Burnett, The Ashley Library, II. 315
Editorial glosses and textual notes are available in a pop-up window. Line numbering reflects the structure of the 1911.
The immediate subject of the sonnet is the Franco-Prussian war (1870-71), when Bismark's dream of a united and powerful Germany enjoyed its first crucial success. DGR's reference in lines 1-2 situate his commentary in relation to 1859, when France worked to bring about the unification of Italy under a monarchy (Piedmont). The “harlot” of the sonnet is of course France, who in 1871 signs a treaty with Germany (when in 1859 France fought with the Piedmontese against the Austrians). As usual with DGR's political views, the scene is depicted in savagely ironical terms. Essentially DGR's views are Mazzinian, and he sees the humiliation of France in 1871 as the natural consequence of her refusal to take a principled stand toward Italy.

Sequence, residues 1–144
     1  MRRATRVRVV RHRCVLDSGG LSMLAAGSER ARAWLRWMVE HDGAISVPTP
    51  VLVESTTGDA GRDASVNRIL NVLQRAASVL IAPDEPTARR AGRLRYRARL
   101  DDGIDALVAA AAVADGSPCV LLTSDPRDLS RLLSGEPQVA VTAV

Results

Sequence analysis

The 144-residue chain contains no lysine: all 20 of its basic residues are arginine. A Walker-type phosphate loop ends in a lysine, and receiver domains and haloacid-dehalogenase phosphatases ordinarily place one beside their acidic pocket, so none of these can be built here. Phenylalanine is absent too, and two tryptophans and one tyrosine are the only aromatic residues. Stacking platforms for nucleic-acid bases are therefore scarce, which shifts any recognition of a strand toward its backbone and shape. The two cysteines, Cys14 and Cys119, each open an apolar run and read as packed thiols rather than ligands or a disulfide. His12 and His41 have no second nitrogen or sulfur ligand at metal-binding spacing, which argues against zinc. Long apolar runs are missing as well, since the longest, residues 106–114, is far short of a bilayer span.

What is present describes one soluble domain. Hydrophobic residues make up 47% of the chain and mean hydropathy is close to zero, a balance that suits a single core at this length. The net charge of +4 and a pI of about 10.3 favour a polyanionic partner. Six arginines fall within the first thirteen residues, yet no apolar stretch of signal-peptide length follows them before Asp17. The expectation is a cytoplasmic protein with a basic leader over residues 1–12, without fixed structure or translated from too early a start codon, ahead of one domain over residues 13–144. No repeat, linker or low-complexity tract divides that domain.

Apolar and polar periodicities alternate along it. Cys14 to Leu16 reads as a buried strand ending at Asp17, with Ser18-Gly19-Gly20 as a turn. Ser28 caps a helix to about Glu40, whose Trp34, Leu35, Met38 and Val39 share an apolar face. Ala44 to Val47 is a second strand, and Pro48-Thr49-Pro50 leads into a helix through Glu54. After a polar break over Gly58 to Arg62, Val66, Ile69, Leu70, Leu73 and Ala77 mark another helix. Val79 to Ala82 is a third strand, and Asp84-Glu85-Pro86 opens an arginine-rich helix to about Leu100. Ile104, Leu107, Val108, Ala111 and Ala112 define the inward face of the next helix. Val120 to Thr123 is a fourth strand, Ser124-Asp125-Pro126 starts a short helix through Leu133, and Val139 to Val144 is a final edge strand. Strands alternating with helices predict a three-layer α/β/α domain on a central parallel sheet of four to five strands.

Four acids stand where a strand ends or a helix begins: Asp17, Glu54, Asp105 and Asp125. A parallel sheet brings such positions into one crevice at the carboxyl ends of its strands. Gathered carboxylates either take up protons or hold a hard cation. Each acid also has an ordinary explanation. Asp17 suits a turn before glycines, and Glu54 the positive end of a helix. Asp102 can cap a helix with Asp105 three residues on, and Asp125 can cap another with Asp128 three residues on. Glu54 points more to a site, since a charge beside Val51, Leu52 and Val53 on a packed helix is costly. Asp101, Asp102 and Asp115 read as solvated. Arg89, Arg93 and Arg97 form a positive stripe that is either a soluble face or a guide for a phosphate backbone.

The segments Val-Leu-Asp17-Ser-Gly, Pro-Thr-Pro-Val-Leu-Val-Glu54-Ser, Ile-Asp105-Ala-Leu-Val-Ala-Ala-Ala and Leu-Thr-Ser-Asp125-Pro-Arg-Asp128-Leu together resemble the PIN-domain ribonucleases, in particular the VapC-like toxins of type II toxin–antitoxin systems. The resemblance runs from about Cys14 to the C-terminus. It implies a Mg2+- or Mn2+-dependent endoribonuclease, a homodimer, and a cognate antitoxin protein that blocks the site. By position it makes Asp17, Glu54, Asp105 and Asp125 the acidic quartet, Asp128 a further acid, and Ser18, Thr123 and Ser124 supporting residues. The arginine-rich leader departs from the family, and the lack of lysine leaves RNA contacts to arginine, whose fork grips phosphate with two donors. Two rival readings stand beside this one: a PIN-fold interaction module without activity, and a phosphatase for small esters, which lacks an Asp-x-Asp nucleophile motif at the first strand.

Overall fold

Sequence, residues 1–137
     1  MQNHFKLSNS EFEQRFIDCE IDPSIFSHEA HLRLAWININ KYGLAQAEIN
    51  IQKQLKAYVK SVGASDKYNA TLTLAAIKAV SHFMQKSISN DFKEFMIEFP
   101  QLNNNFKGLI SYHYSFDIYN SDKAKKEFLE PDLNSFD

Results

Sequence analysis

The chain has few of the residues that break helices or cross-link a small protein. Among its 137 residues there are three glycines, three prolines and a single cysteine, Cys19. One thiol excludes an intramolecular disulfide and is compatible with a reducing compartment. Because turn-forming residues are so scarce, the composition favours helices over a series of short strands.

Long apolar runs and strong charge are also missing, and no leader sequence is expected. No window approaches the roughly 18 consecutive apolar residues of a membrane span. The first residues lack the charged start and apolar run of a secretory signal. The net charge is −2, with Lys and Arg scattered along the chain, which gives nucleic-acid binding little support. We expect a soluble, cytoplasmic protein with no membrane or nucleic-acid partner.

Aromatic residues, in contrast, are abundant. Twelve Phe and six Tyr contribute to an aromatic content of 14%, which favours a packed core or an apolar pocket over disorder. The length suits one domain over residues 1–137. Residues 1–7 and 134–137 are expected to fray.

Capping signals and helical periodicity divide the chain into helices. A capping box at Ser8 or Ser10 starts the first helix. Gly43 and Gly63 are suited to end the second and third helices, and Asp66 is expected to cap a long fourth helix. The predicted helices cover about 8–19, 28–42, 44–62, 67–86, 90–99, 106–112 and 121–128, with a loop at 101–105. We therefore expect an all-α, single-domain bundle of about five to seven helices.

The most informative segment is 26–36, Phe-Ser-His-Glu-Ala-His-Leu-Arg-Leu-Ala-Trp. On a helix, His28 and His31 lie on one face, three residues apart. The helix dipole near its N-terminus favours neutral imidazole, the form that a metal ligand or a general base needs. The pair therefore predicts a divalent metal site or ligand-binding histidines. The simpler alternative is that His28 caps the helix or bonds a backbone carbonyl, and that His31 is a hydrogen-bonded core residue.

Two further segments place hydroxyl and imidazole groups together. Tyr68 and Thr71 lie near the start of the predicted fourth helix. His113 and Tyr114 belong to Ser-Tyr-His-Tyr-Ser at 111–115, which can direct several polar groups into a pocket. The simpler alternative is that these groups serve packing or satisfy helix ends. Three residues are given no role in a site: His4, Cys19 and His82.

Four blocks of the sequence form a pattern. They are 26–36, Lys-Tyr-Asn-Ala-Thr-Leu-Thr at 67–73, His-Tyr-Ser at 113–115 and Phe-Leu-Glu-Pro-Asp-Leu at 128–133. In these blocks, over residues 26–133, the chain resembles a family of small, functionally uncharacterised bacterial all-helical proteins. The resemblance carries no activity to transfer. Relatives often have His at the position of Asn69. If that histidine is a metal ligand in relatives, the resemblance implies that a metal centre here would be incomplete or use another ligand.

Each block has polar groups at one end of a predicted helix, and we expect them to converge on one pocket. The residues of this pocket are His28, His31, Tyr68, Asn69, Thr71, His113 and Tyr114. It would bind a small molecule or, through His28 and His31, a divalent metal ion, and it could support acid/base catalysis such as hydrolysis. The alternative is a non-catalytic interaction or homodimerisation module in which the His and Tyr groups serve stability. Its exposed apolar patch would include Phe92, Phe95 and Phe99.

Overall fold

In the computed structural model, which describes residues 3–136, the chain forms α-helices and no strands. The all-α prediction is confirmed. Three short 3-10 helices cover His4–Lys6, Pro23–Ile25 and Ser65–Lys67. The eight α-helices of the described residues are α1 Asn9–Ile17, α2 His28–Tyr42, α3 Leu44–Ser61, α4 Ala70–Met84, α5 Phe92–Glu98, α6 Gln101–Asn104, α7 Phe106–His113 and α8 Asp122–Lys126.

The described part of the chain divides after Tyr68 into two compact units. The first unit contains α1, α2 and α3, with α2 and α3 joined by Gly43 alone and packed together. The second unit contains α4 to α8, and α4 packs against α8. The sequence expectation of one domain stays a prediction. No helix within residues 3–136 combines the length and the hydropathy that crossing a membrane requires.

The sonnet was written as an explicit pendant to his sonnet of twelve years earlier, “After the French Liberation of Italy”. Indeed, this piece is clearly written under the motto “I told you so”. See also the early “On Refusal of Aid between Nations”.
The reference to twelve months (line 2) argues that the sonnet was written around August 1871, twelve months after the outbreak of the war. The peace treaty was concluded at the same time.
The sonnet was not published until WMR's two-volume edition of 1904 (I. 34), and it was collected thereafter.